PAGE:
Why do double-yolk eggs appear?

Updated on 23 May 2013 | 0 Comments

Double-yolk eggs are fairly uncommon. But what does it mean if you find one?

The odds of winning the lottery are higher. And yet cake decorator Charlotte Matthews of Rochdale, near Manchester, recently cracked open 29 double-yolk eggs from a carton of 30, which she had purchased from her local supermarket Asda for £2.39. 

According to Vicky Riordan of the British Egg Information Service (BEIS), “it is quite rare for an egg to be ‘double-yolked’ and, although we can’t be specific, the instance of double-yolkers is thought to be less than 0.1%. However, because the hens in a flock are the same age, it is not unusual to find more than one double-yolker in a box.”  

According to some reports, Matthews’ experience was one in a trillion. No wonder the story generated so much interest. 

What causes double-yolk eggs to appear?

Double-yolk eggs – or double-yolkers as they are commonly known – are two egg yolks found in a single egg, which is usually longer and more slender in shape than a normal egg. Old superstition suggests that finding them can lead to marriage, birth of twins, financial windfall, or even a death in the family.

Scientifically speaking though, a number of factors can cause double-yolk eggs. The most common is that ovulation happens too quickly, when a hen’s productive cycle is unsynchronised. Riordan says these eggs “tend to come from young hens whose hormone system is not yet fully developed.” 

They can also be caused by two eggs becoming joined together, when one egg somehow gets ‘lost’ and combines with another. Some hybrid breed of hens also produce double-yolkers; or they may be a result of the hen’s genetic propensity, or even abnormalities during the laying process.

Contrary to popular belief, however, they are not a result of battery farming. “No matter what the system of production, hens are not kept in terrible conditions – stressed hens would not lays eggs,” insists Riordan.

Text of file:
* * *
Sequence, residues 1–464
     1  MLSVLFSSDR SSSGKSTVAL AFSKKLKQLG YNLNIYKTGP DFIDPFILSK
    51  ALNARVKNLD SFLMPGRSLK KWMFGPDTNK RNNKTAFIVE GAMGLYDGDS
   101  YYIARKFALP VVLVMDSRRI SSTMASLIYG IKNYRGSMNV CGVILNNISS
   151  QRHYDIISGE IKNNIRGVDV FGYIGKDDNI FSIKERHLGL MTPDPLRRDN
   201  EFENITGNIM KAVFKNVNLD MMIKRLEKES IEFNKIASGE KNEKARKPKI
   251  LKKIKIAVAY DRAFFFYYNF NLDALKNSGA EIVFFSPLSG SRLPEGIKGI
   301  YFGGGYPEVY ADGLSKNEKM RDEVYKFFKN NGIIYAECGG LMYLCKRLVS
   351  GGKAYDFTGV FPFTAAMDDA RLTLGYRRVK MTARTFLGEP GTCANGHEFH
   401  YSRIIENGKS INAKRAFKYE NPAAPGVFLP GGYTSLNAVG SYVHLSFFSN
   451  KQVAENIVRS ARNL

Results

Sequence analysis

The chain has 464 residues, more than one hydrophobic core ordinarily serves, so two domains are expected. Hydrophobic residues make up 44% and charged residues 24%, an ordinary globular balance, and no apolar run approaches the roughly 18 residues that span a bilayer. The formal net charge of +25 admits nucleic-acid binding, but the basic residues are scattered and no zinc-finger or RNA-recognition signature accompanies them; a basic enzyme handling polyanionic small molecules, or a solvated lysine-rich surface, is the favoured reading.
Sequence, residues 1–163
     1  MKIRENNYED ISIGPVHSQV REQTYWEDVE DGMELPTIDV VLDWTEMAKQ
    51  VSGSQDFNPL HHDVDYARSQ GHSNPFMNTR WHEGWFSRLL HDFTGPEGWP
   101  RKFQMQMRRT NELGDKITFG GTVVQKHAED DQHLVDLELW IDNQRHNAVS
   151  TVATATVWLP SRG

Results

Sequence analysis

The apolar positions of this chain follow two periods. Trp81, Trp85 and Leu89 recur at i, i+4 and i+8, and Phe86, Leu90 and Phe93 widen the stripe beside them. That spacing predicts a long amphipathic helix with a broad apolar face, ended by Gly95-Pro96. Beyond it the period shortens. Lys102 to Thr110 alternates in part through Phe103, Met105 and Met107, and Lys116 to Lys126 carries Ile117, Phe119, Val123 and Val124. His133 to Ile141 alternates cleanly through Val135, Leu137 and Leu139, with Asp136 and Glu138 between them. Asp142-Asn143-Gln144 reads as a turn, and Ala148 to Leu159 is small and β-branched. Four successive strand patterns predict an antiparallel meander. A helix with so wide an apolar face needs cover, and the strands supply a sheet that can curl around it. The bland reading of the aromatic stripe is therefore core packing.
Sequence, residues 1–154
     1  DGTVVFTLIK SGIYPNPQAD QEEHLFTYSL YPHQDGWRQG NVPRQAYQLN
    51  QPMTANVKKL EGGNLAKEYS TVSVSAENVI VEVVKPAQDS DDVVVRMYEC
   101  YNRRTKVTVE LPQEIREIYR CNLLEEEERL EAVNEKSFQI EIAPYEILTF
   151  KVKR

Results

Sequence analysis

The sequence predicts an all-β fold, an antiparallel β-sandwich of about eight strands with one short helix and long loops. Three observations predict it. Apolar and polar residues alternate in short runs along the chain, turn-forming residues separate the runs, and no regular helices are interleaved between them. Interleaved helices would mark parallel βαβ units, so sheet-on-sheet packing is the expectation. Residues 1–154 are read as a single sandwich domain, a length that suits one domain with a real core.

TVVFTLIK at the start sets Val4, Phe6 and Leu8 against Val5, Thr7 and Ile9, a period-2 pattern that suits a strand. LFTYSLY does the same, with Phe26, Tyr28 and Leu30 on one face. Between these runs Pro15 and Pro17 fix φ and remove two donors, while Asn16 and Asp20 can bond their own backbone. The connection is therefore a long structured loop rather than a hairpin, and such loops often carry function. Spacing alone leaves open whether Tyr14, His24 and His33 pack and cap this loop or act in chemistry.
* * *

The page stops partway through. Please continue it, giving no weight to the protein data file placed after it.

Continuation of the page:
Availability of double-yolk eggs

Despite being relatively rare in the UK, double-yolkers are occasionally sold in some supermarkets. For instance, Marks and Spencer used to sell them in packs of six. Supplies are not always guaranteed though, so they are not available on a consistent basis. Your best bet for finding them are in cartons of large or very large eggs.

In some countries like America, Hong Kong and India, hens that can produce double-yolkers are especially bred for this purpose, and the eggs are then sold in food markets. 

Cooking with double-yolkers

Does having double the quantity of egg yolks and a reduced amount of egg white affect cooking and baking?

Vicky Riordan says: “Egg yolk, which is more concentrated than egg white, comprises 31% of the entire egg. It consists of 17.3% protein, 31.3% fat, and contains vitamins A, D, E, K and the B group. As the instance of double-yolkers is so uncommon, there are no official guidelines for cooking and baking. However, I would recommend altering the recipe depending on the type of dish, such as soufflé or omelette.”

In other words, experiment and draw your own conclusions. The internet is awash with contradictory information on cooking with double-yolkers, and a few chefs that I spoke to didn’t have any clear tried and tested culinary tips. 

Your thoughts

What’s your experience of double-yolk eggs? Do you find them in your carton of eggs rarely or regularly? What’s your reaction when you find them? Do you think they are unnatural, and does that put you off from cooking with them? How do you use them in cooking? 

Also worth your attention:

How to cook the perfect egg by Gizzi Erskine

Gizzi Erksine’s eggs, ham and chips

Gizzi Erskine’s scrambled eggs

Gary Kingshott’s duck egg on toast

Mat Follas’ scotch eggs


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